Birdwatching Guide: March

Birdwatching Guide: March

As we head into March, we're officially into spring. Sometimes it can feel like those dark winter nights last forever, but the days will get noticeably lighter from now on. And with nature reawakening after its winter slumber, March is a great time to get reacquainted with our avian neighbours.

It's a little bit early for most birds to breed- the majority do this in April. However, this year saw many flowers blooming a month early due to the especially mild winter. Since nature's clock tends to all sync up, that could well mean that some breeds begin laying their eggs early, too.

Even if not, birds start preparing their nests well in advance, to make sure they are ready and have access to a reliable source of food. Egg-laying is a demanding process, and females need to be sure they are fully prepared. If you haven't already, now is the time to get the feeding table set up to encourage regular visitors for the rest of the season.

And to top it all off, we're now entering the season where all the birds who flew away for the winter start to return to our shores. Most will be back in April, but some, like chiffchaffs, come back to the UK in March. You might even see some early swallows later in the month.

So, dig out your binoculars- here are some of the species you can expect to see in March.

Related: Top 10 Best Binoculars for Birdwatching


The humble dunnock isn't exactly one of the most flashy garden birds you can spot this March. With its dull brown and grey colouring, it can be easy to overlook this species. What's more, dunnocks are particularly shy birds, with a distinctive nervous hop, and are quick to fly away if they feel they are being watched.

But dunnocks have a lovely song that's quite easy to recognise. And while they may be shy, they certainly don't back down from a fight with other male dunnocks. Around this time of year, when they are staking out territory and a mate for the spring, they can become quite feisty when they come across a potential rival. They'll flick their wings and shout at each other until one of them backs down.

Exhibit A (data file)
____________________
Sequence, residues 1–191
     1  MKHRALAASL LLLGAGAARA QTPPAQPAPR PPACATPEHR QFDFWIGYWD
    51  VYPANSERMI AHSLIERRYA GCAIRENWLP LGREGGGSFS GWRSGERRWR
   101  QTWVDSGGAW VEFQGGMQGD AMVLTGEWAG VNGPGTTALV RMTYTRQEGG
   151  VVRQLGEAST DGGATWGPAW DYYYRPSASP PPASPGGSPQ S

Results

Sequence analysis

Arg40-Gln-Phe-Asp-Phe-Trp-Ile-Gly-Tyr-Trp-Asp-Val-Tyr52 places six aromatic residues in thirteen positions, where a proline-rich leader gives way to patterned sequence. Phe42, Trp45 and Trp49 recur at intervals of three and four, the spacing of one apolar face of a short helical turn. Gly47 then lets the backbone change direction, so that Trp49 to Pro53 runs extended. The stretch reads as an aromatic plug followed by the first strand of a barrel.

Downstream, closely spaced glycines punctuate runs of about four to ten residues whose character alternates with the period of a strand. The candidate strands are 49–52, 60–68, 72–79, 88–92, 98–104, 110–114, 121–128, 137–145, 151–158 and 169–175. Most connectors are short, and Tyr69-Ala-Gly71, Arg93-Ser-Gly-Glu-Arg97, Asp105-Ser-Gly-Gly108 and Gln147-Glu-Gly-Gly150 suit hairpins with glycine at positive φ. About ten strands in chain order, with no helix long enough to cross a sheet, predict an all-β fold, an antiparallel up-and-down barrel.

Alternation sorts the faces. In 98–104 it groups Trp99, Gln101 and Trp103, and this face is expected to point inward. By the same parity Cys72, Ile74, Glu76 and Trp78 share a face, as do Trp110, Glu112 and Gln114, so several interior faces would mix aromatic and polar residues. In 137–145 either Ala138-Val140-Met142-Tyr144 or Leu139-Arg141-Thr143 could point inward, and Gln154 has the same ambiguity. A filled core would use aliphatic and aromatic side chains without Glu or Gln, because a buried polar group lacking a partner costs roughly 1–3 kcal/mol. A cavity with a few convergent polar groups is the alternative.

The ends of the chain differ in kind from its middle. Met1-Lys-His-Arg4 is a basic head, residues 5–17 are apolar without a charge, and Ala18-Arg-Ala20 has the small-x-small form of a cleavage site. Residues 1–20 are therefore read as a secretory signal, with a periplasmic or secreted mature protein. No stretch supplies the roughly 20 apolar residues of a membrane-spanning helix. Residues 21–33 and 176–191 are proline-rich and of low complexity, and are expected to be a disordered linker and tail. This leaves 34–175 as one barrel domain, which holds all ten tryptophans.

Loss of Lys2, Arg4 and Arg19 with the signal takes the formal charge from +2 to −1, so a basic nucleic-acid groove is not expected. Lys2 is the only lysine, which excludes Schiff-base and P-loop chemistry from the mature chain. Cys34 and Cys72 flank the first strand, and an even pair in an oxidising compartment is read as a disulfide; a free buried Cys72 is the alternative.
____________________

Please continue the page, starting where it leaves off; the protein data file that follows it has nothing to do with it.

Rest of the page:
Sometimes called "hedge sparrows", dunnocks are commonly found around the hedgerows where they like to make their nests. If you want to attract dunnocks to your garden, make sure to spread some seed on the ground- they will rarely venture up to a bird feeder.


Another species that's not especially exciting- but a sure sign that we've entered spring. Blackbirds are nature's early risers- when you hear birdsong at dawn, it's more than likely that it's a blackbird singing. March is a great time for catching this, since the sun comes up at a reasonable time.

Blackbirds are also quite friendly birds, and once they visit a garden once, they will be back again and again. Male blackbirds live up to their names, but females are dark brown, with lighter brown stripes on their breast.

Blackbirds will gladly eat food left out for them, especially mealworms or fat-based bird food. However, their favourite thing to eat is earthworms. They can often be found with their heads cocked close to the ground, listening out for movement just below the surface. When they hear their prey- snap! They will peck down with their long yellow beaks to catch the unsuspecting worm. This process takes time, giving birdwatchers plenty of time to observe them.


A small, olive-coloured bird, about the size of a blue tit, the chiffchaff gets its onomatopoeic name from its distinctive call. Chiffchaffs migrate in the winter, but are one of the first species to return, and thus a sure sign that spring has arrived.

Chiffchaffs feed mostly on insects, and can usually be found flitting between branches in search of prey. While many other species are in decline, the chiffchaff population has flourished in recent decades, doubling since the 1970s- partially as a result of our warming climate.

Come the end of March, female chiffchaffs will start building their nests. Unlike most species, they nest on or close to the ground, in distinctive dome-shaped nests.

Song thrush

Finally, another member of the growing spring chorus: the song thrush. Often heard alongside blackbirds, song thrushes tends to repeat short snatches of melody over and over. Although they are small, they can certainly belt this out, and are one of the louder garden birds to be heard around this time of year.

While most species won't begin breeding until April, the song thrush is a step ahead of the game. From the end of March onwards, they begin laying their distinctive spotty blue eggs. This allows them to fit in up to three broods per year.

Like blackbirds song thrushes' favourite food is earthworms. When they can't find any, though, they will prey on snails instead. To get into the snail's shell, they will bash it against a rock- behaviour that is unique to this species.

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